In July of 1911, Ole L. Langren opened up the Langren Furniture and Undertaking business at 129 North Sibley Avenue in Litchfield. He operated this business until January of 1917 when he sold the furniture and undertaking business to Dewy Johnson. Mr. Johnson, who moved around town with several businesses and bought several buildings as investments, added a "Morgue Room" in the rear of his furniture store making it Litchfield's first.
In March of 1929, C.A. Swanson and Reuben Hagglund came from Cokato and purchased the businesses calling it the Swanson and Hagglund Furniture and Undertaking business. Reuben Hagglund bought out C.A. Swanson in November of 1935 and moved the Undertaking Business to the present location of 316 S. Sibley Avenue the same year.
B. Peter Nelson, who was an active businessman and banker, built the building at 316 South Sibley Ave in 1903. There was a tennis court on the south side of the house and a 3-stall carriage house on the north. The third floor was a ballroom where many dances were held. Nelson sold the home to Arthur McCormack and his wife in 1917 who lived there until 1925 when they sold it to Horace J. Minar who then sold it to the Hagglunds in 1935.
After becoming an Undertaking Parlor and Funeral Home in 1935, Reuben and his wife, Frances, lived in the second and third floors of the home and conducted funeral services in the first floor. He added a second "room for reviewals" in the mid 1940's.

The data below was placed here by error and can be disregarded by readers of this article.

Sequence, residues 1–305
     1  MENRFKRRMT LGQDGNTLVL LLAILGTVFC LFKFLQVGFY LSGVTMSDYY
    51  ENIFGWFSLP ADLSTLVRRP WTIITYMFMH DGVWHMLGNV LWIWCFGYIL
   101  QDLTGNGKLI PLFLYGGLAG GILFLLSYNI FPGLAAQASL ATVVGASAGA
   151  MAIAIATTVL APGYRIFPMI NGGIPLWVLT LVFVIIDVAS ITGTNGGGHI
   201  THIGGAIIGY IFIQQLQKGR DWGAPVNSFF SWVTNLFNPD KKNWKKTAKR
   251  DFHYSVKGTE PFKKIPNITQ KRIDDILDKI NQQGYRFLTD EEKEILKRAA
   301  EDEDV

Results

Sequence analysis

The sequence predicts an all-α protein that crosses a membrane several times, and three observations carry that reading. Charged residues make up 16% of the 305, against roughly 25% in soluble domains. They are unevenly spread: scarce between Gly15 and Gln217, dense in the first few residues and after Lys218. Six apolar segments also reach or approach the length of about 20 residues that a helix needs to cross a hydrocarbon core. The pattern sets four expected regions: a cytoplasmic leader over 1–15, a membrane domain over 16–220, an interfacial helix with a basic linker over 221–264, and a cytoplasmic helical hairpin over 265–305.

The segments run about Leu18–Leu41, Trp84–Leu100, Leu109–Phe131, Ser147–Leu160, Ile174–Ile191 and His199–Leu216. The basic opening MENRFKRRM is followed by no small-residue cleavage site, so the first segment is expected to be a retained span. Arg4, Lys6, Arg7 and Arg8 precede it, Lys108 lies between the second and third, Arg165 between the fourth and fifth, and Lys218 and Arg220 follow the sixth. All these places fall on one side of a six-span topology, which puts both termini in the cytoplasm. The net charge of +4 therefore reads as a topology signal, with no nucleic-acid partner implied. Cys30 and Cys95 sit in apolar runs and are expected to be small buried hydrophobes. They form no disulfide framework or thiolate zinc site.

In June of 1957, Reuben and Frances sold the funeral home and furniture business to Don Cole who sold it back to them in a short time. Reuben continued to perform funeral services at the funeral home and sold the furniture business to Don Brock in 1959. In October of 1960, Reuben sold the funeral home business to Don Johnson who worked with both Reuben Hagglund and Lee Buckley, a funeral director who had worked with Reuben at the funeral home as a funeral director.
Don Johnson changed the name from Hagglund Funeral Home in January 1964 to Johnson-Hagglund Funeral Home. He made additions to the funeral home in three steps; in 1970, he added office space and bathrooms on the north side of the building. In 1972, he added a new casket display room on the south side and in 1979 added to the display room turning it into a chapel and changed the front doors from the east side on Hwy 22 to the south side on Weisel street. He also added a connected garage, warehouse, and new display room on the north side.
In October of 1994, Don sold the funeral home to his son Tim Johnson who operated it with his wife Karen until 1999 when it was purchased by Tom Vertin, a third generation funeral director who continues the tradition of family-owned funeral service in Litchfield.